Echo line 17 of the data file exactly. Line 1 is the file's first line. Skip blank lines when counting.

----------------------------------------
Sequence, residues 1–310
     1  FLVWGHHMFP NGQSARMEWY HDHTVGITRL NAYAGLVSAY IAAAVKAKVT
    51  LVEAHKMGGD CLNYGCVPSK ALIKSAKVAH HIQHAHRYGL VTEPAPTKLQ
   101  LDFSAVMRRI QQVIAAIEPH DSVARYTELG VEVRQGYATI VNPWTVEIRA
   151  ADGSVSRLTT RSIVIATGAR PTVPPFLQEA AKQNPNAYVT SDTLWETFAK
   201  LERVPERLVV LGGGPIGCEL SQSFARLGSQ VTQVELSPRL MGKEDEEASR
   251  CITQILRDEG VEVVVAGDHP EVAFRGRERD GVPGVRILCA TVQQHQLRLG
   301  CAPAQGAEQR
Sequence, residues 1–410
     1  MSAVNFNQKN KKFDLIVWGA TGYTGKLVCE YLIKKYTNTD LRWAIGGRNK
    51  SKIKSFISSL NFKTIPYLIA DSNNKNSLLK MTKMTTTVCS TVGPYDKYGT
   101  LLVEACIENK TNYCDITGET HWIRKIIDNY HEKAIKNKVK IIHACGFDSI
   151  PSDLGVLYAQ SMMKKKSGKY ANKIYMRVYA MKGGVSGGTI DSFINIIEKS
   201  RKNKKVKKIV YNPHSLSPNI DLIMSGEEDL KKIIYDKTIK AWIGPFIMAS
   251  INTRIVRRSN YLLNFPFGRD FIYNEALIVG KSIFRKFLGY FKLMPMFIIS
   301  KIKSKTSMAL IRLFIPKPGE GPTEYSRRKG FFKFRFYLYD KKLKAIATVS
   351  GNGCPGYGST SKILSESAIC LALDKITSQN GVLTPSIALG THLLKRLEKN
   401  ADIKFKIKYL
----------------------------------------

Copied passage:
   351  GNGCPGYGST SKILSESAIC LALDKITSQN GVLTPSIALG THLLKRLEKN